Politics & Other Mistakes: The SODDIT chronicles

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It’s SODDIT season once again.

For those not familiar with the legal thrillers of author John Lescroart, SODDIT is an acronym for the strategy of defense lawyer Dismas Hardy. It stands for “some other dude did it.” When Hardy can’t refute the prosecution’s evidence indicating his client’s guilt, he attempts to deflect the blame by pointing to an alternative suspect.

Al DiamonIn Lescroart’s fictional world, this ploy often works. Through hard work and sheer luck, Hardy exposes the real killer, and the wrongly accused defendant goes free.

In reality, SODDIT is considerably less effective.

While there are numerous documented cases of innocent Black people being railroaded into prison by racist cops, district attorneys, judges and juries willing to ignore evidence pointing to some other (white) dudes, that’s almost never the case in Maine. Here, the dude that got charged is nearly always guilty.

That doesn’t stop the occasional murderer from trying the SODDIT gambit.

In 1988, Dennis Dechaine kidnapped, raped and killed 12-year-old Sarah Cherry in Bowdoin. That’s not an opinion requiring a qualifying “allegedly.” Dechaine was convicted in 1989 and sentenced to life in prison. He has appealed numerous times without success.

But every five or six years, he and his small band of supporters in the group called Trial and Error attempt a fresh approach to win his release. The latest version is classic SODDIT.

Late last month, a Superior Court justice granted Dechaine’s motion to conduct new, high-tech DNA tests in the case. The judge cautioned that his ruling wasn’t an indication that Dechaine is innocent. Maybe he figured lab workers had some spare time this summer to engage in pointless experiments.

“People who are guilty do not ask for DNA testing,” Trial and Error’s Bill Bunting proclaimed to the Bangor Daily News shortly after the court decision was announced.

Well, yeah, they do, since what do they have to lose when they’re serving life in prison?

While awaiting the test results, Dechaine’s fan club unloaded their usual truckload of reasons why their boy didn’t do it. He was an organic farmer who couldn’t even bring himself to slaughter his own chickens. Some of the numerous squishy estimates of Cherry’s time of death show Dechaine was already in police custody when she died. And, of course, SODDIT.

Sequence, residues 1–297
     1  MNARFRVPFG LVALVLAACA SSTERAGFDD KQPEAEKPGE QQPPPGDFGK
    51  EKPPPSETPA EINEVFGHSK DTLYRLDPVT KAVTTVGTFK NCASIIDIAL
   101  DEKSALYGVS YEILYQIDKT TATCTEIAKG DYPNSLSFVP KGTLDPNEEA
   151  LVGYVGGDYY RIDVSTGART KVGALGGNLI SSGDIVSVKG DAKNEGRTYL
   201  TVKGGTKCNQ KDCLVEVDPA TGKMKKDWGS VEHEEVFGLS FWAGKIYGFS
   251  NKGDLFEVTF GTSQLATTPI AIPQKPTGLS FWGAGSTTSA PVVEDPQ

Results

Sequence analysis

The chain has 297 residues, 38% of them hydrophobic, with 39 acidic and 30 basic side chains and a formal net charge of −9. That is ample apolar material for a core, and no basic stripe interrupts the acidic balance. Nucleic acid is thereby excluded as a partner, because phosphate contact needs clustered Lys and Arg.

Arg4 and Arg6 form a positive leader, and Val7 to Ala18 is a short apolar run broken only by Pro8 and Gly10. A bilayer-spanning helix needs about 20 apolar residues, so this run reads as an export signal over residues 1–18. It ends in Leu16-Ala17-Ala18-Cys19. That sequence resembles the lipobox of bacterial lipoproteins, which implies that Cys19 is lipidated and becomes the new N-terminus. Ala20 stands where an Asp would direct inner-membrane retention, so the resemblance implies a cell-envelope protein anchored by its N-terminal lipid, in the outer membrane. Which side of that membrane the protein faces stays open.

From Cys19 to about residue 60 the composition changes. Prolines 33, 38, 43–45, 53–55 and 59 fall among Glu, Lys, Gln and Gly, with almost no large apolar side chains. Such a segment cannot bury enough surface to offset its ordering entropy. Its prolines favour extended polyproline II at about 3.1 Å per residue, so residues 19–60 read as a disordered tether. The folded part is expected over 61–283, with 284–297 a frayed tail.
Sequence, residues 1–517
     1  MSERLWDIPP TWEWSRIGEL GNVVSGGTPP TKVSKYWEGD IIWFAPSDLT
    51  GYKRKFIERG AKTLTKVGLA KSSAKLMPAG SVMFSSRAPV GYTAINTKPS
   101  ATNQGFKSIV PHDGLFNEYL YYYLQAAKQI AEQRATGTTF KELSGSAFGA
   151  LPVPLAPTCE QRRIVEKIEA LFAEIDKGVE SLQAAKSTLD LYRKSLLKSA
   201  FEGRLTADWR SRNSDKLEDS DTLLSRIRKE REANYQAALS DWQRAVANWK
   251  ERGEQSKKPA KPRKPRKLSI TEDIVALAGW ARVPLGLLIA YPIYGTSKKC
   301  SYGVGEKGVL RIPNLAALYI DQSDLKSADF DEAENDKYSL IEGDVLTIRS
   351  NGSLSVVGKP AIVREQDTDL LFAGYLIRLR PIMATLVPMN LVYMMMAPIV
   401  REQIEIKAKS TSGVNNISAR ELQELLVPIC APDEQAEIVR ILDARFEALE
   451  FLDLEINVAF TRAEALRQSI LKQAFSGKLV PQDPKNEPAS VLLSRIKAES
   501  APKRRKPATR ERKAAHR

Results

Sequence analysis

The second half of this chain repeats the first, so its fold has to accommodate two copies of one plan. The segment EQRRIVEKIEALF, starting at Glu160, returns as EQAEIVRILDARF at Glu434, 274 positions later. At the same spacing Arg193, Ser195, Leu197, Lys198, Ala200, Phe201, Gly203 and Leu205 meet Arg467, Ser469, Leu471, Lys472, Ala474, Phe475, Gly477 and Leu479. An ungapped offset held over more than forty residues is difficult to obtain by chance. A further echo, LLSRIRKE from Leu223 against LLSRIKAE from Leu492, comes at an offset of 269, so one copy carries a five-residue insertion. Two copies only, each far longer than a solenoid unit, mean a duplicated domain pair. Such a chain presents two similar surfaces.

In an Aug. 7 Maine Sunday Telegram story obviously inspired by Trial and Error, the full litany of other dudes got laid out, including at least one new suspect who’s conveniently dead.

Richard Marc Evonitz, a South Carolina native, was a serial killer of children, although he was never convicted of his crimes. Evonitz shot himself in 2002 after police in Florida surrounded his car and attempted to take him into custody. Evidence collected after his death showed he brutally raped and murdered several children over several years. At the time of Cherry’s abduction and death, he was in Maine serving in the U.S. Navy.

That’s as close as anybody has come to linking him to Dechaine’s case. Maybe the DNA testing will show something else, but ironically, the shaky evidence against Evonitz is weakened by the SODDIT defense. The Telegram story mentions a half-dozen other dudes, from convicted sex offenders to a guy somebody thought looked “creepy,” all of whom had some (mostly marginal) connection to the case.

It’s a SODDIT bonanza.

Dechaine’s truck was found near where Sarah Cherry’s body was discovered. Rope cut from a coil in the truck had been used to bind her. Two documents with Dechaine’s name on them were found in the driveway of the house from which the girl had been kidnapped. And when Dechaine wandered out of the woods near the murder site, he lied to searchers about what he was doing there, which was injecting amphetamines to get high. He couldn’t engage in that habit at home, because he’d promised his wife he’d stopped doing drugs. A police officer testified he later made incriminating statements.

Sorry, Dismas Hardy. This ain’t SODDIT. It’s a case of SODDDIT:

Some other dude didn’t do it.

I can’t claim some other dude wrote this column, so you can complain to me at [email protected].

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